For certain medical procedures, your health insurance company might require a pre-determination letter from your medical provider. Before performing that particular procedure, your doctor must receive confirmation that it is covered under your health insurance plan and approved by the insurer.
Your health insurance company should have a pre-determination form available on its website for your doctor's staff to download. Information required on the form includes not only your personal information, but also that of your health-care provider and the anticipated date of the procedure. Your doctor fills out a service description based on diagnostic codes, then adds pertinent information in writing. Once all necessary information is received, the medical review staff at your insurance company decides whether the requested service is appropriate for your treatment needs.
Along with the pre-determination form, your doctor must submit various documents to the insurance company. These include information regarding previous treatments for the condition and your response; a list of medications prescribed for the condition; all symptoms and a history of their onset; and the results of any tests. Test results might include X-rays, magnetic resonance imaging (MRI) scans and any diagnostic procedures. Any other relevant reports and evaluations must also be included.
Relevant Procedures and Services
Certain services and procedures often require a pre-determination letter, although they can differ depending on your health insurance provider. The Blue Cross and Blue Shield of Illinois website lists services that generally require the pre-determination letter. These include dental implants, breast reduction, Botox treatments, nasal surgery, growth hormone treatment, breast MRIs, chelation therapy, positron emission tomography (PET) scans, intravenous immunoglobulin (IVIG) treatment, liposuction, osteotomy -- surgery to relieve arthritis symptoms -- and varicose vein surgery.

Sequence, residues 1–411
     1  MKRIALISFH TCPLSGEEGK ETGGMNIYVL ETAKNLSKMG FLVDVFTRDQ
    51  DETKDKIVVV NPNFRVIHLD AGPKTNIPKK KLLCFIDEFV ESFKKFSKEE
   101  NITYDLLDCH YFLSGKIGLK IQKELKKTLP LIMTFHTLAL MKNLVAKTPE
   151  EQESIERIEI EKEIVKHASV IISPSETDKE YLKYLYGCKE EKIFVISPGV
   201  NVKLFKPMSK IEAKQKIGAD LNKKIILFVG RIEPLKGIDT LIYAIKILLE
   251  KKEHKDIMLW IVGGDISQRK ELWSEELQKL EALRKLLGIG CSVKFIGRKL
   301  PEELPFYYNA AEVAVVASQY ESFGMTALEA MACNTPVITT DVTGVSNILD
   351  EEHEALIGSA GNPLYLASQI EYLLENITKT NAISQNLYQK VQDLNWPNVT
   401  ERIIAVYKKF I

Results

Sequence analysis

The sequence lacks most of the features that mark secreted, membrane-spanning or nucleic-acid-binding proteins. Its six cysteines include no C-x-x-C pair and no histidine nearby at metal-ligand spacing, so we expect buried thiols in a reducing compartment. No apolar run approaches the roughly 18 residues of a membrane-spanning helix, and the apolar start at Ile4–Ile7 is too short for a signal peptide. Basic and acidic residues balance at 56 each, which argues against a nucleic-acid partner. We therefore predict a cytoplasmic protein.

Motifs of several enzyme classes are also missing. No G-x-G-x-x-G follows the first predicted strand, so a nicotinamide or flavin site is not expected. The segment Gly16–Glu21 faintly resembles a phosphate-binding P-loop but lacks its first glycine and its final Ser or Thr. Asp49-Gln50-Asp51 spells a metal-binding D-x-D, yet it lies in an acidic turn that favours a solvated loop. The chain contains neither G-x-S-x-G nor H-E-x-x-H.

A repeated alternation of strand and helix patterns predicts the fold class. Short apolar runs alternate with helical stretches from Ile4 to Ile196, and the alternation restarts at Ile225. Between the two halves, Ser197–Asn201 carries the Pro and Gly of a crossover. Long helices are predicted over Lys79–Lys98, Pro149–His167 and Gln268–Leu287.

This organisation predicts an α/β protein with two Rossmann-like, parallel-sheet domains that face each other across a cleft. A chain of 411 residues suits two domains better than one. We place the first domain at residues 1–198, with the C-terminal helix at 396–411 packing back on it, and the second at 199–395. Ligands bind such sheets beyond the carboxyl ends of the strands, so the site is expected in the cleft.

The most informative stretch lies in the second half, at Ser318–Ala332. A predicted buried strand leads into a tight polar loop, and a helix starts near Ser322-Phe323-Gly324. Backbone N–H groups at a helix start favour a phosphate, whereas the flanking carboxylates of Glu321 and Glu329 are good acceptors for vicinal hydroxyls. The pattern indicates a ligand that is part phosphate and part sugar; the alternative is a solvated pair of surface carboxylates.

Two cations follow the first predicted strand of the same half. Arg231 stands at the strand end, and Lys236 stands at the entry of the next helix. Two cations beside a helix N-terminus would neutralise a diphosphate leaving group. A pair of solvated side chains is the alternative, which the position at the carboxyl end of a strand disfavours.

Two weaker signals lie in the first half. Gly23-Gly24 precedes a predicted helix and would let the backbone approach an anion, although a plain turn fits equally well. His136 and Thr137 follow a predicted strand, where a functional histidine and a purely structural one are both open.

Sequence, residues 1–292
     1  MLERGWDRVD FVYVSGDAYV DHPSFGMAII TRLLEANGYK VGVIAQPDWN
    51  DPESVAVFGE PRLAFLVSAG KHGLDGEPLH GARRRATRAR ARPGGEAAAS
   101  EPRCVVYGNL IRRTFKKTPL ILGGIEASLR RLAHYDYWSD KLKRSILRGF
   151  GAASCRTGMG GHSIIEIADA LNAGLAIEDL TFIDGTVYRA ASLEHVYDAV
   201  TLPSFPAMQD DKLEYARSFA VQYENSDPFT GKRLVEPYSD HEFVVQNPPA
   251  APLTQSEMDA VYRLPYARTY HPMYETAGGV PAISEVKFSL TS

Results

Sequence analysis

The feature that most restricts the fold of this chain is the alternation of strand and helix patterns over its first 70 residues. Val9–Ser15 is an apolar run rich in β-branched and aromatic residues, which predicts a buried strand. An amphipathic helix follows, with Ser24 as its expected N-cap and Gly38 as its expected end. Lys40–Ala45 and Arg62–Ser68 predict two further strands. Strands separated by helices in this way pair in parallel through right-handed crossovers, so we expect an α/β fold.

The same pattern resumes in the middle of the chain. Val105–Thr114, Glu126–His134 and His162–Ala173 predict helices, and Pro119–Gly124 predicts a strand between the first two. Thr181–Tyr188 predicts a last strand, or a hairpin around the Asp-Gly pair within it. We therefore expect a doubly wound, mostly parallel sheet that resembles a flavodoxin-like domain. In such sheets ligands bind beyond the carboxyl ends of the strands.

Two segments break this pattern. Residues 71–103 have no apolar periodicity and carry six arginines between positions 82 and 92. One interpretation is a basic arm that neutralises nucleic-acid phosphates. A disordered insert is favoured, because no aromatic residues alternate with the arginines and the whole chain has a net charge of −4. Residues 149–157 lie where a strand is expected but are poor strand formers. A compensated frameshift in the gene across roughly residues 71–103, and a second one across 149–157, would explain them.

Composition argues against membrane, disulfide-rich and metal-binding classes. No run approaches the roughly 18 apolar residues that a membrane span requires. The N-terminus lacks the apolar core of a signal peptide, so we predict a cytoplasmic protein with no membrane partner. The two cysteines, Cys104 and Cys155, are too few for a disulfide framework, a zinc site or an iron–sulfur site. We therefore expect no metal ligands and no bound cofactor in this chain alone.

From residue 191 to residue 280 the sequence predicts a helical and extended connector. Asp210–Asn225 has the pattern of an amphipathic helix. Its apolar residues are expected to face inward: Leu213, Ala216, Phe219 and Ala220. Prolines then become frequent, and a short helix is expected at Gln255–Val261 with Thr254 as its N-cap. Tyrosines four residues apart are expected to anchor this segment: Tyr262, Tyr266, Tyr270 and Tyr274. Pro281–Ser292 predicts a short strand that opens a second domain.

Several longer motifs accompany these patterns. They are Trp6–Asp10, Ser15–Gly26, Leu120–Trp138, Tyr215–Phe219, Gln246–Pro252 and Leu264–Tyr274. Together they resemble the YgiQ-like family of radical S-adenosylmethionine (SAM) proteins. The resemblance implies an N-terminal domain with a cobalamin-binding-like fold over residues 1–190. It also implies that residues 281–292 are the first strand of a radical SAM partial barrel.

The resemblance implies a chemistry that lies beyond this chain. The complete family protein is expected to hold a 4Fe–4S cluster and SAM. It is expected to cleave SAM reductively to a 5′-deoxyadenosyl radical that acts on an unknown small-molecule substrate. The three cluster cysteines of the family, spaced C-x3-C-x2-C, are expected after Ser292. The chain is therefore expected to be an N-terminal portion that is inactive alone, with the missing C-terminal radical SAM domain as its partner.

Different Types of Letters
Although they're easily confused, a pre-determination letter is not the same thing as a pre-certification or pre-authorization letter. A pre-certification letter requires you, not your medical provider, to notify your health insurance company before undergoing a procedure. When you receive certification, your insurance company should assign a certification number. A pre-authorization letter is verification by your health care provider that proposed treatment is covered by your plan. If you have questions, contact your health insurance provider via the 800-number listed on your health insurance card or the insurer's website.
A graduate of New York University, Jane Meggitt's work has appeared in dozens of publications, including Sapling, Zack's, Financial Advisor, nj.com, LegalZoom and The Nest.